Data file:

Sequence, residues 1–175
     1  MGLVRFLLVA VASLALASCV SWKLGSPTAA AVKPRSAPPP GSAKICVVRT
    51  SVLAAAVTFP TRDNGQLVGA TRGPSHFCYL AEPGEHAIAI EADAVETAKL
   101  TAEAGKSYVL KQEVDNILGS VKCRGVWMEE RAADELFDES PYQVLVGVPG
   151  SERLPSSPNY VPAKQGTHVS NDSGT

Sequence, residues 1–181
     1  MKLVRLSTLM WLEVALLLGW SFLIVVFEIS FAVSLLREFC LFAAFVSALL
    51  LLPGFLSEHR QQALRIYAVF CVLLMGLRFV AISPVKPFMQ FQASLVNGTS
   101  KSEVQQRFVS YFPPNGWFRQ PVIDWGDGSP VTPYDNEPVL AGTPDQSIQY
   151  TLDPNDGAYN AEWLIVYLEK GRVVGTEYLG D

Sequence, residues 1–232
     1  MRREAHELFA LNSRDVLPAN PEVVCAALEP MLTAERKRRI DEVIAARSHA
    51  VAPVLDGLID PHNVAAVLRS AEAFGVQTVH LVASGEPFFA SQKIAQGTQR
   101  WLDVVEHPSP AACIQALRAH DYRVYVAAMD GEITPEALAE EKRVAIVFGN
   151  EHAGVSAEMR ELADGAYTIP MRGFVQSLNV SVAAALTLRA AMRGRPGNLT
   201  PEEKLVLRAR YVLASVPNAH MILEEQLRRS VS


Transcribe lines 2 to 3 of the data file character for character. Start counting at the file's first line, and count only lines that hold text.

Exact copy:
     1  MGLVRFLLVA VASLALASCV SWKLGSPTAA AVKPRSAPPP GSAKICVVRT
    51  SVLAAAVTFP TRDNGQLVGA TRGPSHFCYL AEPGEHAIAI EADAVETAKL